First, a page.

I would feel much happier for this to be proposed than to say that we should be going towards private companies to deliver these services, and allow firms to protect our most vulnerable children, with one eye on how much profit they will be making out of such misery and risk.

  3. Nicola Dalby November 20, 2013 at 12:11 pm #

    I’m acting CEO at Safe and Sound Derby, a specialist charity that works with victims of child sexual exploitation (CSE) up to the age of 18. Our services, best practice and support work with victims and those at risk, and their parents and carers is recognised locally and nationally by a wide range of partners, police, education, office of the childrens commission, central government, CEOP.. you name it and they’ve heard of us and praise our work. Just over a week ago the council announced its intention to cut funding to us and re commission CSE services in the city. We don’t know all the details yet and the proposals are out for consultation.
    we’ve always worked closley with colleagues in the social care sector and other sectors to try and make sure children and young people are protected from harm and will continue to do so in the future no matter what the outcome. However, we know colleagues are overstretched, that thresholds have changed and that there are growing gaps in the capacity of safeguarding colleagues to respond effectively to CSE cases and we, along with other ngo’s across the country are being increasingly relied upon to plug those gaps. You have our support, there should be no cuts to safeguarding services whether they’re in the statutory or ngo sector.Could we ask for your support – whether you’re based in Derbyshire or not- please take 5 minutes to respond to the consultation document via this link and comment /question the validity of cutting services and consequently increasing workload of staff as well as decreasing level of support and servcies to children and young people and their families who are victims of CSE or at high risk of becoming victims. thank you . Nicola Dalby.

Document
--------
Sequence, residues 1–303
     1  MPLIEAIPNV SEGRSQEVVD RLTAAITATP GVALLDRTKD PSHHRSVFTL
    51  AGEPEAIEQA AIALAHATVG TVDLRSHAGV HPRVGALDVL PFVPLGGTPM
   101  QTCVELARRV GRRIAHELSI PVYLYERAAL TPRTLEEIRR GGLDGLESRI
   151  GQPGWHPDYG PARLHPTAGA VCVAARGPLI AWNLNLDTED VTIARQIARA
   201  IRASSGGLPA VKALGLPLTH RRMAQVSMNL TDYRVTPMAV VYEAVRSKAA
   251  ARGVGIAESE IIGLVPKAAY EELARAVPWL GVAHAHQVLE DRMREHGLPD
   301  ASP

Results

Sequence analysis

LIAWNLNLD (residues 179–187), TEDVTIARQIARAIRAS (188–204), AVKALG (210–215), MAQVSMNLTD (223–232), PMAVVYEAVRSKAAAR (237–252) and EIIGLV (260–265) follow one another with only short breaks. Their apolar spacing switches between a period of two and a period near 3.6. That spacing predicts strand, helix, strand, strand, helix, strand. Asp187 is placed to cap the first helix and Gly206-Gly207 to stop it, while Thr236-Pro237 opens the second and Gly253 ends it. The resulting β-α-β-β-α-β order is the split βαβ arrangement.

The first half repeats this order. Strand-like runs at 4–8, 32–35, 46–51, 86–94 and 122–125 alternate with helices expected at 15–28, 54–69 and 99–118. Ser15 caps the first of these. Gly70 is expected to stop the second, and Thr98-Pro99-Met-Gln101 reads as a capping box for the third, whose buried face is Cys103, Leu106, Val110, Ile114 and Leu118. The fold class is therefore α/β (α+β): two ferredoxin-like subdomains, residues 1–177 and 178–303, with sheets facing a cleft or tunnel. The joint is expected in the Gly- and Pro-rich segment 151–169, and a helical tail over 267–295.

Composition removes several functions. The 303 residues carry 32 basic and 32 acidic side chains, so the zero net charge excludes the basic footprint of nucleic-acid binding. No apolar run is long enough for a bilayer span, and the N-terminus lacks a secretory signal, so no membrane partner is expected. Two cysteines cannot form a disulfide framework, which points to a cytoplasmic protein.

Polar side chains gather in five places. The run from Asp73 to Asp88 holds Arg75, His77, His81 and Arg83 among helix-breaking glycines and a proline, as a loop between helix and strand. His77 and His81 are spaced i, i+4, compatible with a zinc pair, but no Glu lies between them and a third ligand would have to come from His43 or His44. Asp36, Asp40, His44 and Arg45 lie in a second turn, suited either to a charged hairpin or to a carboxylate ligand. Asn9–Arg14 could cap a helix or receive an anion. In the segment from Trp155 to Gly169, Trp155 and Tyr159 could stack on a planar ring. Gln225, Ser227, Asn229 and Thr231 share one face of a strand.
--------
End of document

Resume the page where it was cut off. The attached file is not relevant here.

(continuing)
4. Helen November 22, 2013 at 12:52 pm #

    Dear Mr Gove,

    I would go even further than John Browning above. I would also say that when so few achieved Outstanding, although many more achieved good, I hope that the government does not try to use this as ‘proof’ that it is possible for all. I would also watch carefully and examine the reasons why they may not remain Outstanding. I am certain you will find that it is based on two main factors – reductions in resources, including funding of front line teams – and the demoralisation of services who are told that they must simply work harder and harder in an already stressful and over stretched environment.

    I would go so far as to say ‘give me adequate resources and I could turn any service around’. I have done. To tell services how bad they are means they will not attract good quality workers, they will have to pay inflated costs for agency staff and their budgets will then reflect this in under resourcing. It is a self fulfilling prophecy.

    To those who ‘advise’ – working ‘differently’ does not mean that we can take increasing hits in our budgets and then do the very best for families. We will ameliorate problems in the short term at best. This is not what we want. We want to equip families for the long term, to allow their children to thrive and contribute. What is happening is perpetuating emotional poverty as well as material. This means that children will continue to be hurt.